Monday, September 21, 2009

The Confederation of British Industry has generated some controversy with its report higher education. It advocates increased tuition fees, temporary abandonment of the target that 50% of the cohort should benefit from higher education, more financial support from business, and increased support for the STEM (schience, technology, engineering and mathematics) subject areas. These are not straightforward proposals.

Increasing tuition fees certainly sounds like an appealing way of maintaining funding for the universities at a time when the public finances are going to be squeezed. But the way in which students are funded in the UK make this option less simple to implement than might appear at first glance. Students receive a loan from the Student Loans Company, out of which they pay their tuition fees. These loans are funded by government. To be sure, the government can package these loans up and sell them to the private sector as parcels of debt - financial institutions are happy to pay upfront for an asset that will yield them returns in the future. But these parcels have to be sold at a discount. This discount reflects the fact that not all of what is loaned to students ends up being repaid - students on low incomes do not make repayments, and there is a write-off of the debt after 25 years. So, even though an increase in tuition fees might lead to a reduction in the amount of money that government needs to give directly to the universities, it would also lead to an increase in the amount of government expenditure needed to fund the student loan system. The extent to which tuition fees could be raised therefore entails a rather delicate balancing act. The Institute for Fiscal Studies has done interesting work on this. Some increase in tuition fees would certainly be possible. But the extent to which this could be done without entailing additional government expenditure is more limited than some commentators would appear to think.

The 50% target has always been contentious - not least because the figure itself appears to have been plucked out of thin air. It might reasonably be argued that, rather than have a target, young people should be allowed to make their own decisions about whether or not higher education represents, for them, a good investment. This year, many thousands of qualified school leavers have not succeeded in finding places in higher education. Abandonment of the target now would appear to be perverse.

It is not new for there to be calls for businesses to provide financial support to higher education. Many people agree that they should, but this does not, of course, mean that they will. Workers are not, in general, bound to their employers - we do not live in a slavery society. This means that workers are mobile across firms, which in turn means that firms are reluctant to pay for workers’ general education – they have no guarantee that the worker will stay with the firm long enough to give the company a return on its investment in that education.

The STEM subjects have been prioritised by government in recent years. There are, however, other subjects – notably business and law - that equally offer students a high rate of return.

While the CBI proposals are to be welcomed in that they will encourage debate, one would hope that the debate that is to follow will recognise some of the nuances that the proposals themselves fail to appreciate.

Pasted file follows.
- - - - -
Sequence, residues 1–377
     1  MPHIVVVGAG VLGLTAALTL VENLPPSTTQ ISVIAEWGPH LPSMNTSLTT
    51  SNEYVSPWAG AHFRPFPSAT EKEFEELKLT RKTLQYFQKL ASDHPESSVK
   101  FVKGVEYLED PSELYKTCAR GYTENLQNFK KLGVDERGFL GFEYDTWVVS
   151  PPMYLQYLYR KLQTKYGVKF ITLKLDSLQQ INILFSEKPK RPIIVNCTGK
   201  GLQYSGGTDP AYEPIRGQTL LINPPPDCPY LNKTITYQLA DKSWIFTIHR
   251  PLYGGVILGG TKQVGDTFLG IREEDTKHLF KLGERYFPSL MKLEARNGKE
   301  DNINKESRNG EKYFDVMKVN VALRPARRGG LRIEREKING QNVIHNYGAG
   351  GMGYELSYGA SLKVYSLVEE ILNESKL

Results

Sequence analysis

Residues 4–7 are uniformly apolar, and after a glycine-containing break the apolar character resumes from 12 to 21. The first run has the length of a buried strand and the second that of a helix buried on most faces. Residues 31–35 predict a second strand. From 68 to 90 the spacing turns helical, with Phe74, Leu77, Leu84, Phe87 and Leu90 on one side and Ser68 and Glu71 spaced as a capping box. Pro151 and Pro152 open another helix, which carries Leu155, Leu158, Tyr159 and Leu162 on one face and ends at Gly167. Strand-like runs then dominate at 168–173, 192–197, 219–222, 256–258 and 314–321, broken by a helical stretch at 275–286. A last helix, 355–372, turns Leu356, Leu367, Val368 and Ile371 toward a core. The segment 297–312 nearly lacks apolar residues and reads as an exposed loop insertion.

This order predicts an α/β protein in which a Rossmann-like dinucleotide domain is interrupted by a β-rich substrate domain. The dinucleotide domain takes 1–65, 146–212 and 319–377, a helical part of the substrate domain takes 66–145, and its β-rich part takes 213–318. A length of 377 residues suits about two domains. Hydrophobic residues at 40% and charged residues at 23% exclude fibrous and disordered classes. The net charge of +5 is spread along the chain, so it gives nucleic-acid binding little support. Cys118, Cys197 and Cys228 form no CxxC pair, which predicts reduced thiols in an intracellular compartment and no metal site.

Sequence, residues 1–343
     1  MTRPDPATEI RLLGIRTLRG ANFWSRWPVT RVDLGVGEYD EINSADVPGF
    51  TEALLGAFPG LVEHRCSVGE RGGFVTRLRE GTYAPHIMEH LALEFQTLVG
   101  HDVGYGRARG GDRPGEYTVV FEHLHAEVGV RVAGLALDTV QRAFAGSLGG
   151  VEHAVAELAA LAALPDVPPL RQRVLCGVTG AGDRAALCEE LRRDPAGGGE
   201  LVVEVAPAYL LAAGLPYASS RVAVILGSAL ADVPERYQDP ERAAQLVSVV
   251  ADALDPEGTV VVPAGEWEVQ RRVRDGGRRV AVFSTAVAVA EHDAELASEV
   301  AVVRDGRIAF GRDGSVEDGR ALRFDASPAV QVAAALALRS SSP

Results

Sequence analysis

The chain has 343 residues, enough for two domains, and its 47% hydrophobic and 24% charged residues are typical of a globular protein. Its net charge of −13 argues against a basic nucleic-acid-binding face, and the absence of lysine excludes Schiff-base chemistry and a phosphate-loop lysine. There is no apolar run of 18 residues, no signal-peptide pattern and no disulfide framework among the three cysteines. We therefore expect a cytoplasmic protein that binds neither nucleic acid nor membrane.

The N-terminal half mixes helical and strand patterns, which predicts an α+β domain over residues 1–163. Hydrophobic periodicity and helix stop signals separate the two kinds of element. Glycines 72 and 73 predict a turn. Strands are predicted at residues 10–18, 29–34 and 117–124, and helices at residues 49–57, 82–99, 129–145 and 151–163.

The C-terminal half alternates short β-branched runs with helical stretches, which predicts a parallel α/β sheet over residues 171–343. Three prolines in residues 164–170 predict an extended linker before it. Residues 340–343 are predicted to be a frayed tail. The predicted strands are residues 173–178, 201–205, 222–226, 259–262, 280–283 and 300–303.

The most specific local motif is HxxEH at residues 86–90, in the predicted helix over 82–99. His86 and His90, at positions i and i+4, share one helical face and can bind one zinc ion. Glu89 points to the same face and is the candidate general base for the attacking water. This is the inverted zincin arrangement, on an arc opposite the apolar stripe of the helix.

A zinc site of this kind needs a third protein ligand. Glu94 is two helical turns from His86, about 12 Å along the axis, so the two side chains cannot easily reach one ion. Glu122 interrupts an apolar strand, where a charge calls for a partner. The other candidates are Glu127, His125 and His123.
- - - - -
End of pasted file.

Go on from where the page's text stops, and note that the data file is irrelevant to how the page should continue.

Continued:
Thursday, September 10, 2009

The National Institute for Economic Research estimates that the UK economy grew in the three months to the end of August this year. Official data will not be released until later in the year, and will cover the three months to September.

Meanwhile the FTSE index has risen above 5000 and appears - for now at least - to be staying there, giving further cause for optimism.

If these indicators are to be trusted, it would suggest that the recession has been quite short - five quarters - but also quite sharp. The rapid return to growth has surely been helped by the aggressive policy response of governments around the world. But that response in itself - desirable though it has been - has compromised the ability of economies to recover rapidly. The gulf that has emerged between public spending and tax revenues in this recession means that fiscal tightening over the next few years is inevitable. That tightening will constrain the growth of the economy in exactly the same way as the recent expansion of the budget deficit has stimulated it. The recession may be over, but the aftermath will be with us for several years to come.

Tuesday, September 08, 2009

The OECD has published the latest in its series of reports, Education at a Glance. This highlights the substantial rate of return to higher education in all OECD countries, and strongly argues the case for further investment in students' education, particularly as a means of ensuring that countries emerge out of recession with a labour force that is as strongly equipped as possible. This echoes the case made several months ago by David Bell and David Blanchflower.

Governments have been aggressive in their policy response to the current recession, and the impact of this will be felt for years to come in the form of a squeeze on public finances. But education has considerable appeal at times like these: we invest in young people's skills rather than let them depreciate through lack of use; we avoid the scarring effects of unemployment which can blight whole careers; we ensure that aggregate demand is stimulated, but also - crucial in the long run - aggregate supply is boosted, as the productive capacity of the economy is enhanced through education.